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hw3 - Solution to Homework 3 3.1(a True Please see the...

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Solution to Homework 3 3.1 (a) True Please see the Equation (3.15) on Page 84 in the Levine's book. (b) True Please see the Equation (3.15) on Page 84 in the Levine's book. (c) True A Carnot cycle is defined as a reversible cycle. (d) False Work is not a state function. It depends on the process (path). 3.7 (a) False The entropy is a state function. So the change of state from 1 to 2 will produce the same change in entropy when carried out both irreversibly and reversibly. (b) True Heat q is not a state function. It depends on the path. (c) True According to the definition of change in entopy rev q dS T . (d) True The entropy is extensive. (e) True The molar entropy is intensive. (f) False According to the definition of change in entopy rev q dS T , the heat for an isothermal process is not necessarily zero. So the Δ S may not be zero. (g) False This is true only when the C v is regarded as a constant. However, in the real cases, C v varies as temperature changes. (h) False The process should be reversible. (i) False The entropy is a state function. If two states are connected by an irreversible process, we can construct a reversible process to link the initial and final states to calculate the change in entropy. (j) True According to the definition of change in entopy rev q dS T (k) True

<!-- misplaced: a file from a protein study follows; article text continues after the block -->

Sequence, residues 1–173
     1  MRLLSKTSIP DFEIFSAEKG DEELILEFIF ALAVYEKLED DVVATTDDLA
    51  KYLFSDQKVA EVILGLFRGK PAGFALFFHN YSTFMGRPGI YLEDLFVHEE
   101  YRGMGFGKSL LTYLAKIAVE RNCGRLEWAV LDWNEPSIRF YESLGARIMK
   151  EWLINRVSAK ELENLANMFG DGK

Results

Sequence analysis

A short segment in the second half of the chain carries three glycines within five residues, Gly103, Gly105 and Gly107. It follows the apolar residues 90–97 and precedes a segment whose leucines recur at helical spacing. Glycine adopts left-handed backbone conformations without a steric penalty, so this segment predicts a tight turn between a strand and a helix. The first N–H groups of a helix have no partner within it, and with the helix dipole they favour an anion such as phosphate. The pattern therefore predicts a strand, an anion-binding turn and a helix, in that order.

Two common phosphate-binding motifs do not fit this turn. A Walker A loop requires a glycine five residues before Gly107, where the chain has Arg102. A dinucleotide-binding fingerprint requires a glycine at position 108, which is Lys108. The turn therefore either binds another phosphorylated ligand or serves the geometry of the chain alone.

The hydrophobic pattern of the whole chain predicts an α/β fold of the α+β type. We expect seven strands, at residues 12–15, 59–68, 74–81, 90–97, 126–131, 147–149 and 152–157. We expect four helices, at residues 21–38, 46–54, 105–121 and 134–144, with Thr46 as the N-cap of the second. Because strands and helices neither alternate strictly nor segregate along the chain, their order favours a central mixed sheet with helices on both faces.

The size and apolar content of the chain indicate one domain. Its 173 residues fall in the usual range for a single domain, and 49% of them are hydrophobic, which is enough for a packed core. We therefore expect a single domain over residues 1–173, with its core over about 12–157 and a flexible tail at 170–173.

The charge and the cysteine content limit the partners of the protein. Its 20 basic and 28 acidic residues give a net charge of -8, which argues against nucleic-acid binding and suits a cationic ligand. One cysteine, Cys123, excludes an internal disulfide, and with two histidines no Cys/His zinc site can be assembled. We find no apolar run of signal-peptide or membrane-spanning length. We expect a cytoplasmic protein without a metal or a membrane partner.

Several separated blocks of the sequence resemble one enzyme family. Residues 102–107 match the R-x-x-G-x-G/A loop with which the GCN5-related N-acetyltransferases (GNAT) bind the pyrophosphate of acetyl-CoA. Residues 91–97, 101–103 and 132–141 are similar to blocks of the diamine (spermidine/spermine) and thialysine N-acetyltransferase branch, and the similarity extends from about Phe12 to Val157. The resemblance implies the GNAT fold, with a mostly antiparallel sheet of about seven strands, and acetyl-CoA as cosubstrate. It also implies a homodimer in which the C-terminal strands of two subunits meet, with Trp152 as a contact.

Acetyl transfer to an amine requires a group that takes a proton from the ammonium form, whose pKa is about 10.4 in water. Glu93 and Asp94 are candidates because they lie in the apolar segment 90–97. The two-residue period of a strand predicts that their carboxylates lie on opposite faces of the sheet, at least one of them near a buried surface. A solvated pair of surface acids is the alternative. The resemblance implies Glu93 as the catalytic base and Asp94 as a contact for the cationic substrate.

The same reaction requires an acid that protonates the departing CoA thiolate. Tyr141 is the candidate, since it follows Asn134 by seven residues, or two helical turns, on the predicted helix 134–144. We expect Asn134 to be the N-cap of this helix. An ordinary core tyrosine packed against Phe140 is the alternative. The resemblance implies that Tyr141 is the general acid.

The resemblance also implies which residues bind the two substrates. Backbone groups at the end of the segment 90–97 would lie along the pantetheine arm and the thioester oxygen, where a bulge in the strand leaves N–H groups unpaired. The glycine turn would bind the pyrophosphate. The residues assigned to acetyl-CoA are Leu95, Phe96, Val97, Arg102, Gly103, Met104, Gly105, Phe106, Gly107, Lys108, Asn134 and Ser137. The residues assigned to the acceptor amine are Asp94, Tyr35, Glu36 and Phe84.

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Those formulas only deal with the change in entropy instead of the value of S. 3.20 (a) False If the closed system releases some heat to the surroundings reversibly, Δ S can be negative. (b) False If the closed system releases some heat to the surroundings reversibly, Δ S can be negative. (c) True See Page 93 in the Levine s book. (d) True If it s a reversible process, Δ S=0; If it s an irreversible process, the entropy of a closed system must increase in an irreversible adiabatic process (For proof, please see Page 93-95 in the book). So Δ S cannot be negative. (e) True An isolated system is necessarily closed. Hence the reason is the same as (d). (f) False If the process is irreversible, Δ S may not be zero. (g) True The reason is the same as (d). (h) False This is true for isolated system instead of closed system. For more details, see Page 95-96 in the book. 3.21 Using rev q dS T , we have for the signs of Δ S: (a) dq rev >0 so Δ S>0. (b) dq rev >0 so Δ S>0.
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